Gertrude Stein reads her 1922 poem “A Valentine to Sherwood Anderson”:
Read more about Stein, from the Poetry Foundation:
From the time she moved to France in 1903 until her death in Neuilly-sur-Seine in 1946, American writer Gertrude Stein was a central figure in the Parisian art world. An advocate of the avant garde, Stein helped shape an artistic movement that demanded a novel form of expression and a conscious break with the past. The salon at 27 rue de Fleurus that she shared with Alice B. Toklas, her lifelong companion and secretary, became a gathering place for the “new moderns,” as the talented young artists supporting this movement came to be called. Among those whose careers she helped launch were painters Henri Matisse, Juan Gris, and Pablo Picasso. What these creators achieved in the visual arts, Stein attempted in her writing. A bold experimenter and self-proclaimed genius, she rejected the linear, time-oriented writing characteristic of the nineteenth century for a spatial, process-oriented, specifically twentieth-century literature. The results were dense poems and fictions, often devoid of plot or dialogue, which yielded memorable phrases (“Rose is a rose is a rose”) but were not commercially successful books. In fact, her only bestseller, The Autobiography of Alice B. Toklas, a memoir of Stein’s life written in the person of Toklas, was a standard narrative, conventionally composed.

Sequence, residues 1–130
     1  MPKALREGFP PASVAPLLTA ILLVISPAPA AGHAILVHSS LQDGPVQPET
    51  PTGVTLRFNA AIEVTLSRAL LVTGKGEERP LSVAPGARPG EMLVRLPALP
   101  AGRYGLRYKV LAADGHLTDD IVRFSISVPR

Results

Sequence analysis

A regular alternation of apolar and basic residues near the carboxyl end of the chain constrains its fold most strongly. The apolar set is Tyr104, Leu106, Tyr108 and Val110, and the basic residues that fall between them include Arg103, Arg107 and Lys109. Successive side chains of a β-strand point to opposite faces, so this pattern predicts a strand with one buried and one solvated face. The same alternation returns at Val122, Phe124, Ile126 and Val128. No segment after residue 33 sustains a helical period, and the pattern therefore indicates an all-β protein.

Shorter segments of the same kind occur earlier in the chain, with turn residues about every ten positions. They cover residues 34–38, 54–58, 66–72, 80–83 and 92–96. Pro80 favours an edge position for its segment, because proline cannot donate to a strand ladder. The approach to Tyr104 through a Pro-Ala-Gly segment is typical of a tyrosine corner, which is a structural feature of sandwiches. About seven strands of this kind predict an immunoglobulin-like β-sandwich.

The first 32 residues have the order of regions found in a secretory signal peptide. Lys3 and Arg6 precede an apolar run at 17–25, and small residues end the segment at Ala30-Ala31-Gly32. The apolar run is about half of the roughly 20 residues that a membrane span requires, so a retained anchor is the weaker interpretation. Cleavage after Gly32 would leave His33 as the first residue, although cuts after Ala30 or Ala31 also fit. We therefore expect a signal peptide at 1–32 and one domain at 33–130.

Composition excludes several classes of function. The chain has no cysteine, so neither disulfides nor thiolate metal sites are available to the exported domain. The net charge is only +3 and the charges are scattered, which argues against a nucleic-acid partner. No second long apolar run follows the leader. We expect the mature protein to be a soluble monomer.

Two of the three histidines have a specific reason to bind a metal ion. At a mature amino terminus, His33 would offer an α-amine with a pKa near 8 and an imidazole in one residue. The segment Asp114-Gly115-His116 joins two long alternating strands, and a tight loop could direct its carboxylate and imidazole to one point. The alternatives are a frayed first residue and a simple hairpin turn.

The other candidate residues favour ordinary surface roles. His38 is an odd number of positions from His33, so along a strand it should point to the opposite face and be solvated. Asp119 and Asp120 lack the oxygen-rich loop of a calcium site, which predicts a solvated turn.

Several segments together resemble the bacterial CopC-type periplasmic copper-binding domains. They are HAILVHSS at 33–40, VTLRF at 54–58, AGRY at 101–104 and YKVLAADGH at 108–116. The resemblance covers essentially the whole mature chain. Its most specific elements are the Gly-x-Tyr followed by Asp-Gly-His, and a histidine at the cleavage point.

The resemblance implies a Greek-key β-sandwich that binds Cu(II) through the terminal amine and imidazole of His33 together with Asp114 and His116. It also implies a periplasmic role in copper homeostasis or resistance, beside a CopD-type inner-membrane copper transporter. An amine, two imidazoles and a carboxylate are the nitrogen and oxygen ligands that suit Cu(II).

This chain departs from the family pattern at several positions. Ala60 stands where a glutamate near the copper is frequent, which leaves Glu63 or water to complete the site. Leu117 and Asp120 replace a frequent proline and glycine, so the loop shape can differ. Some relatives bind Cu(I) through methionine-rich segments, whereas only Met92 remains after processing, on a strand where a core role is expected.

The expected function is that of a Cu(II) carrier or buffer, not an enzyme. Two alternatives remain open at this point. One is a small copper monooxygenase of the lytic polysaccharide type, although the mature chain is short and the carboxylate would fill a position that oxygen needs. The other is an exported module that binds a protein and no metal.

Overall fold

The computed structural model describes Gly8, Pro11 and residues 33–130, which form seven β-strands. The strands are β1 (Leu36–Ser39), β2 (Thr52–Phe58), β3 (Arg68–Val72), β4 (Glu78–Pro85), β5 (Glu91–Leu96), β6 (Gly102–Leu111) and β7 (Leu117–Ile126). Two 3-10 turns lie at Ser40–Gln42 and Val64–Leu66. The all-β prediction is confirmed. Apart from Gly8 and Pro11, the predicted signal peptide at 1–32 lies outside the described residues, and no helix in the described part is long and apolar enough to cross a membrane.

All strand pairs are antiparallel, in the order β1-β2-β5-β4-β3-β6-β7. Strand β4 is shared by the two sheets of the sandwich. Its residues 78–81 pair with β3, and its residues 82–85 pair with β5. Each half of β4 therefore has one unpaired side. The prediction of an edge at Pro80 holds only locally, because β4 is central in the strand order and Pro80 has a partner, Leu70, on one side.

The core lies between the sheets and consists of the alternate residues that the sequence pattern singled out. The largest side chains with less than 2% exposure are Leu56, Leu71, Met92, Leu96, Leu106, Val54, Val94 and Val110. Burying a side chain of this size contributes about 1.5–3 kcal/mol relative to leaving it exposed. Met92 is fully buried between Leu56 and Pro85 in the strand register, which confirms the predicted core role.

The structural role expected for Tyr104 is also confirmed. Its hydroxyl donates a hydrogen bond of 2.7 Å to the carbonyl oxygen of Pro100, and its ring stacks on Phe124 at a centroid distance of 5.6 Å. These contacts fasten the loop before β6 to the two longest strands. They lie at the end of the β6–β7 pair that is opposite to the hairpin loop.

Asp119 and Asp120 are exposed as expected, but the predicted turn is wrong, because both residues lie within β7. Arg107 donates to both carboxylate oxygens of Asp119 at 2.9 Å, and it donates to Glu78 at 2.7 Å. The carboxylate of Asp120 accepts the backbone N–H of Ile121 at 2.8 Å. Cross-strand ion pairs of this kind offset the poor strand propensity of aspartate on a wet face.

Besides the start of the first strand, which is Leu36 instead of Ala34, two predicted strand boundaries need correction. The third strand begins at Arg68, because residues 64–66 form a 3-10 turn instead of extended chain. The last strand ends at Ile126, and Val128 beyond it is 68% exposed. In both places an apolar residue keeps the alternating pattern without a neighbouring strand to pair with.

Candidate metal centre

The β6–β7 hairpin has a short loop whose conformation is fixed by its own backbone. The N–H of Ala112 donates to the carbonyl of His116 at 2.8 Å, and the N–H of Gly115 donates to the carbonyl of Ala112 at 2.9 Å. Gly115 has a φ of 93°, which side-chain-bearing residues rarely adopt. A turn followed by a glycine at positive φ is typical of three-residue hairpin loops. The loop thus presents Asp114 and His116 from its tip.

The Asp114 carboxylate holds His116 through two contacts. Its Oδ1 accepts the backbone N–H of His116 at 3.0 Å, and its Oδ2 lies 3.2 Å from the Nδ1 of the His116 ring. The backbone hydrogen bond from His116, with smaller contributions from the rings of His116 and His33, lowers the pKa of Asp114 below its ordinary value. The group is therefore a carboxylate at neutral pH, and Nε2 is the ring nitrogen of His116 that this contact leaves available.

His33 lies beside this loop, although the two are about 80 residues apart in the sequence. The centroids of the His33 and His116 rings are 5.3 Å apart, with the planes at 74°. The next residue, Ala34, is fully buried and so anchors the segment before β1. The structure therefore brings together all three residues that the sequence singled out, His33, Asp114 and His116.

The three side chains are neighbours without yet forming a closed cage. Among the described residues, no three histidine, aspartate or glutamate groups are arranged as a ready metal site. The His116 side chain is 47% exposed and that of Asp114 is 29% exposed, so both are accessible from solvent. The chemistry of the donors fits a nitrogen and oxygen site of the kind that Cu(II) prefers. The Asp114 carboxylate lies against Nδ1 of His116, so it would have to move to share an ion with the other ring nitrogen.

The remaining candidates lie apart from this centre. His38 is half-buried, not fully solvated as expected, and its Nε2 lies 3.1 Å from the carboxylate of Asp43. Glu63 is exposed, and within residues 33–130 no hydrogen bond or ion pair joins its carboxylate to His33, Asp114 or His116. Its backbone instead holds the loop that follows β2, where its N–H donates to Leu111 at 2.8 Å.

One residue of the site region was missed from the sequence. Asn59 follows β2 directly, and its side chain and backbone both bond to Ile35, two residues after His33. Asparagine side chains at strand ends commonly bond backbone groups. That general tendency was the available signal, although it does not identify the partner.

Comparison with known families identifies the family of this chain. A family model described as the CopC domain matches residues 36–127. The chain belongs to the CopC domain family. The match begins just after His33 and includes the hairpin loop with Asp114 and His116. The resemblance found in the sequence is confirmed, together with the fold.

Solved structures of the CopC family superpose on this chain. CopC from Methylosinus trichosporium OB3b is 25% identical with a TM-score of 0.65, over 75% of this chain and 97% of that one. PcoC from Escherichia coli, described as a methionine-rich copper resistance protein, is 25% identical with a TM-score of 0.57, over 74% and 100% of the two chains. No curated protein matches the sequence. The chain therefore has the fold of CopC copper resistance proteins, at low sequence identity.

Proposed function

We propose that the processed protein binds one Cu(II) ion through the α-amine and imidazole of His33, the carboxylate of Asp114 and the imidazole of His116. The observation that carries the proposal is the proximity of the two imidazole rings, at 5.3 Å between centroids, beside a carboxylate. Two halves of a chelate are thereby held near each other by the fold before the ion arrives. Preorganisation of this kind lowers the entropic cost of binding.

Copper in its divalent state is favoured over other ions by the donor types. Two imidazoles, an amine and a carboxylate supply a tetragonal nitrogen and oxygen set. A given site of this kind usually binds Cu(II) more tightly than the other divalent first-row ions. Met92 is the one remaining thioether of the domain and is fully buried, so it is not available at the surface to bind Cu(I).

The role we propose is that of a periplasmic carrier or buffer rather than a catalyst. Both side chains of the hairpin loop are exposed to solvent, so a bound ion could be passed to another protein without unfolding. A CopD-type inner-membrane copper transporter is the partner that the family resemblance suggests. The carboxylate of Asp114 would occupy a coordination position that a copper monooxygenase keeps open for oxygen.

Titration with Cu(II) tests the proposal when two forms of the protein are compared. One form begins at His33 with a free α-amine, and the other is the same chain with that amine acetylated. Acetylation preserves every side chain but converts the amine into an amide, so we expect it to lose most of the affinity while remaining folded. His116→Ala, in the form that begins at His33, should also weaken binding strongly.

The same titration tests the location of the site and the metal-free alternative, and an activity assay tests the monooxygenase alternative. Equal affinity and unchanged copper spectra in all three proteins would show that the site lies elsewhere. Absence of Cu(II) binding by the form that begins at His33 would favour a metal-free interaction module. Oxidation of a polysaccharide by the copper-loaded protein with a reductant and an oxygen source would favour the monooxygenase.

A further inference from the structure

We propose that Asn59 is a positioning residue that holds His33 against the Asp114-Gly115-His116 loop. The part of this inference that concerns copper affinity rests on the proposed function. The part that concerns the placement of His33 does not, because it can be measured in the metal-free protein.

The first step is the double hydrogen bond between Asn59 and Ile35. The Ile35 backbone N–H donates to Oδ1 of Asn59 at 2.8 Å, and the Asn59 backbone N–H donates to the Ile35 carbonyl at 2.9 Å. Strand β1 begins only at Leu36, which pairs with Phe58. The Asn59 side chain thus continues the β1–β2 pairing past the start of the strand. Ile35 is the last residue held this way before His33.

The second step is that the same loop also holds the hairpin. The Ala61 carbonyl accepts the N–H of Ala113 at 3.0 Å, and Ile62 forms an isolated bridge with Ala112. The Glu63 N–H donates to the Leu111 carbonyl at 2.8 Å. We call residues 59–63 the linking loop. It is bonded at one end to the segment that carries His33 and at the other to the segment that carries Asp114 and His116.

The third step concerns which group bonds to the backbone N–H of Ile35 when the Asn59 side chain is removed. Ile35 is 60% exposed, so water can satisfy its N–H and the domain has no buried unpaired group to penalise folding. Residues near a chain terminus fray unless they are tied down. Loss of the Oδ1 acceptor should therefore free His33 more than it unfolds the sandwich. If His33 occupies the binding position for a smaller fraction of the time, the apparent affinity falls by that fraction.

Though commercial publishers slighted her experimental writings and critics dismissed them as incomprehensible, Stein’s theories did interest some of the most talented writers of the day. During the years between World War I and World War II, a steady stream of expatriate American and English writers, whom Stein dubbed “the Lost Generation,” found their way to her soirees. Ernest Hemingway, F. Scott Fitzgerald, and Sherwood Anderson were among those exposed to her literary quest for what she called an “exact description of inner and outer reality.” Whether or not Stein influenced these and other major modern writers—including James Joyce, whose masterpiece of modernist writing, Ulysses, was composed after his exposure to Stein—remains an issue of some contention. Critics do agree, however, that whatever her influence, her own work, and particularly her experimental writing, is largely neglected. As Edmund Wilson noted in Axel’s Castle: A Study in the Imaginative Literature of 1870-1930, “Most of us balk at her soporific rigmaroles, her echolaliac incantations, her half-witted-sounding catalogues of numbers; most of us read her less and less. Yet, remembering especially her early work, we are still always aware of her presence in the background of contemporary literature.”